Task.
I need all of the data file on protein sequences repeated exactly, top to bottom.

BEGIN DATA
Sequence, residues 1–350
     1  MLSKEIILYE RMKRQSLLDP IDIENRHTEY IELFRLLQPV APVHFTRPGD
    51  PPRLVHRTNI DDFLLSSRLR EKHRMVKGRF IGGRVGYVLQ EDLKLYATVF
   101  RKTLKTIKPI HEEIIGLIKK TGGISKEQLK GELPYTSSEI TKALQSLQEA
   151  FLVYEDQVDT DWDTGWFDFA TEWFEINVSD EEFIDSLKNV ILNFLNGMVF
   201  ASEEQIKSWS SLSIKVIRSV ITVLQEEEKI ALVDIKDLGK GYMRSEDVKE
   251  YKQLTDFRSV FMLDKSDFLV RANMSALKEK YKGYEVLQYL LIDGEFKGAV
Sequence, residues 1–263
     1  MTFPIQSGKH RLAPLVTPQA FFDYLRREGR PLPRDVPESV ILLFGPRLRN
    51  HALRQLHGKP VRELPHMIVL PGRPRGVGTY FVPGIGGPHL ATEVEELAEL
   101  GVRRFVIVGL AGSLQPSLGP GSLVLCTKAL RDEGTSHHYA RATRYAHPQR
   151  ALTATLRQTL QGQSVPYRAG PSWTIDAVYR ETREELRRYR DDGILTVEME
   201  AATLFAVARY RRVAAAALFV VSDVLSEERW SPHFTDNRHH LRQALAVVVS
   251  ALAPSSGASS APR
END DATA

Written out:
Sequence, residues 1–350
     1  MLSKEIILYE RMKRQSLLDP IDIENRHTEY IELFRLLQPV APVHFTRPGD
    51  PPRLVHRTNI DDFLLSSRLR EKHRMVKGRF IGGRVGYVLQ EDLKLYATVF
   101  RKTLKTIKPI HEEIIGLIKK TGGISKEQLK GELPYTSSEI TKALQSLQEA
   151  FLVYEDQVDT DWDTGWFDFA TEWFEINVSD EEFIDSLKNV ILNFLNGMVF
   201  ASEEQIKSWS SLSIKVIRSV ITVLQEEEKI ALVDIKDLGK GYMRSEDVKE
   251  YKQLTDFRSV FMLDKSDFLV RANMSALKEK YKGYEVLQYL LIDGEFKGAV
Sequence, residues 1–263
     1  MTFPIQSGKH RLAPLVTPQA FFDYLRREGR PLPRDVPESV ILLFGPRLRN
    51  HALRQLHGKP VRELPHMIVL PGRPRGVGTY FVPGIGGPHL ATEVEELAEL
   101  GVRRFVIVGL AGSLQPSLGP GSLVLCTKAL RDEGTSHHYA RATRYAHPQR
   151  ALTATLRQTL QGQSVPYRAG PSWTIDAVYR ETREELRRYR DDGILTVEME
   201  AATLFAVARY RRVAAAALFV VSDVLSEERW SPHFTDNRHH LRQALAVVVS
   251  ALAPSSGASS APR